'Get Social,' and Promote Your Company at the Same Time
Word of mouth, social media and personal contacts should all be part of your promotional mix.
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An important point for business owners to realize is that they must be cheerleaders for both themselves and their companies. As an entrepreneur, you have to remember that the only way a potential client will hear about your existence is if you get the word out.
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Traditional marketing channels -- direct mail, display advertising, radio ads, etc. -- have long been the means to this end. But over the last several years, businesses have increasingly turned their backs on those channels and focused instead on a much more grassroots approach. That approach entails social media, community outreach and personal relationships to create a marketing foundation.
Word of mouth
I love receiving business via word of mouth. Why? Because half the work of selling myself has been done for me. Clients who approach me through a connection generally know who I am and what I'm about. Maybe they saw the way I worked with another client and liked it; maybe they're a friend of a friend.
But regardless of how they came to connect with my company, chances are pretty good that they'll stick around. Word of Mouth Marketing Association studies have shown that just one offline word-of-mouth impression drives sales at least five times the rate that a paid media media impression does! Talk about putting your money where your mouth is.
Social media, used in the right way, is a great way to market yourself. Facebook, Twitter, Instagram: These sites need to be nurtured daily, if not hourly, to really work for you. At my company, we are inundated with marketing messages on our feeds every day, so creating something that inspires customer interaction is incredibly important.
For example, millions of people participated in the ALS Ice Bucket Challenge (for research on Amyotrophic lateral sclerosis disease), raising funds and awareness across the globe. Why? Because they heard about it on social media, whose mentions in turn prompted press and TV coverage. Besides, the challenge was engaging and fun; it gave you an opportunity to challenge your friends and spread the word for a good cause.
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Give people something to talk about.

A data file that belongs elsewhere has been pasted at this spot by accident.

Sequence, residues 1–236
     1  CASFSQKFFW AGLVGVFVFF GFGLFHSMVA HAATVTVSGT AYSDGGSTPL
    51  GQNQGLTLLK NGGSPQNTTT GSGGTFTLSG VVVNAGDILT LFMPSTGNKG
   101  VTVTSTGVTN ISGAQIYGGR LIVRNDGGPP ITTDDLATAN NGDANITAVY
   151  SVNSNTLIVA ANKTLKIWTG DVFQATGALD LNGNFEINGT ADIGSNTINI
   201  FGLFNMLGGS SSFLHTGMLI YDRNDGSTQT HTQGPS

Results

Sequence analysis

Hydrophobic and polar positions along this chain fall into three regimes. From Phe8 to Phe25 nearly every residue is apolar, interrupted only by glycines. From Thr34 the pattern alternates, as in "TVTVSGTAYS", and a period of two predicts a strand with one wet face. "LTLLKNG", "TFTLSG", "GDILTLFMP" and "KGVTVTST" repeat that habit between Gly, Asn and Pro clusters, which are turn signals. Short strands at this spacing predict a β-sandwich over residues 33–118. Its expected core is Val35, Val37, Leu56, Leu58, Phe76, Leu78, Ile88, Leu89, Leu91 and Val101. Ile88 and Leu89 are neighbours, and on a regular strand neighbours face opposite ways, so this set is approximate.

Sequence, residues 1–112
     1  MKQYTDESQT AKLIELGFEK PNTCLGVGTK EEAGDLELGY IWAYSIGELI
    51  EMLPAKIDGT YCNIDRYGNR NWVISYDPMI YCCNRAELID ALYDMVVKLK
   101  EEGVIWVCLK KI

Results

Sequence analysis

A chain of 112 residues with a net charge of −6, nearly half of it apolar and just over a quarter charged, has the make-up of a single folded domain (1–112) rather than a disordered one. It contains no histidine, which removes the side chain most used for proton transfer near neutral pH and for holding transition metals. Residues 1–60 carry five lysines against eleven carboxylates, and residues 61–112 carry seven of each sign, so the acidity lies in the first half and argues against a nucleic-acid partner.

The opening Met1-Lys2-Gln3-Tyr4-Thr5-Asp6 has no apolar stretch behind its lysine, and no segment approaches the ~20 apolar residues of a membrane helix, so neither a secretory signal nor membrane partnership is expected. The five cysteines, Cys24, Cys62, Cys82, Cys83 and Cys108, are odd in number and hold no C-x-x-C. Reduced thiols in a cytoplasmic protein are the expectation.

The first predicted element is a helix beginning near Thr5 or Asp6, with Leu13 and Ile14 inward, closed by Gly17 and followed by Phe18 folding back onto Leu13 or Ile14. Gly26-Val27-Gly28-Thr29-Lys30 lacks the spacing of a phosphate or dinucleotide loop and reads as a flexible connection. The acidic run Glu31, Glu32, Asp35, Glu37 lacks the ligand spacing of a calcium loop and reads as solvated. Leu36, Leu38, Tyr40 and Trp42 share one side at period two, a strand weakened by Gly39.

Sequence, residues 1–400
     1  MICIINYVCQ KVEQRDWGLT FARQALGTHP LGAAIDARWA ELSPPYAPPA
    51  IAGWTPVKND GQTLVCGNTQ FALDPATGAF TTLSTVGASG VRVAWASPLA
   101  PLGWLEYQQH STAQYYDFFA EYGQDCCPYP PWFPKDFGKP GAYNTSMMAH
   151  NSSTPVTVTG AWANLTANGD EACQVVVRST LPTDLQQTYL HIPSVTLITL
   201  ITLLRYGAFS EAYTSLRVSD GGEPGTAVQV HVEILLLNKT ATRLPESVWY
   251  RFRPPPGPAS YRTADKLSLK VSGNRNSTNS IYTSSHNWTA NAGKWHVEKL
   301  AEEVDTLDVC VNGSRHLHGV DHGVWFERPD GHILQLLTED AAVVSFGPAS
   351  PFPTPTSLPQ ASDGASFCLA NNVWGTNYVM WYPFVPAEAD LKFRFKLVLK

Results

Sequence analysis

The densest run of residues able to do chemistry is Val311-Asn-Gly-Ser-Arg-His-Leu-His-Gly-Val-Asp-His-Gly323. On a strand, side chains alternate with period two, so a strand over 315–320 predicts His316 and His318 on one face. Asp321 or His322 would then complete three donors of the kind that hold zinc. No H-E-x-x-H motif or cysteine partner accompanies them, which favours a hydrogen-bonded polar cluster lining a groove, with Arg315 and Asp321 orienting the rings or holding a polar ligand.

It's no random decision on my part to write weekly about what I love -- entrepreneurship and business-building. It's a conscious choice because I feel I have something to offer. Whether I'm writing to empower women, encourage business owners or even rant about my angst with my business struggles, I want to create something worth talking about. And I want to get the word out about my business.
Creating a dialogue allows me to be seen as more approachable and easier to understand. Author, speaker and entrepreneur Seth Godin is a fantastic example of how showing up every day and giving people something to talk about can make an huge impact for a company or individual. He calls it the "drip effect," meaning that you carve yourself out as an individual whom people can put their faith in, a little bit at a time.
Don't shy away from getting personal with a client. Knowing their kids' names or sharing a funny story of what happened to you last weekend can create a powerful bond between you and the people you work for. I don't hesitate to share pictures of my dogs, friends and family, because that lets people know I have a life outside of my company. I'm a whole person, not just a CEO.
I love when a client becomes a friend. It makes my work for them that much more fulfilling. It makes my company stronger. I want my clients to feel welcome, and happy about their work with me.
I want them happy for not only what my company produces for them, but the way we treat them and care about them, like family. It's an attitude that continues to prove its value time after time.
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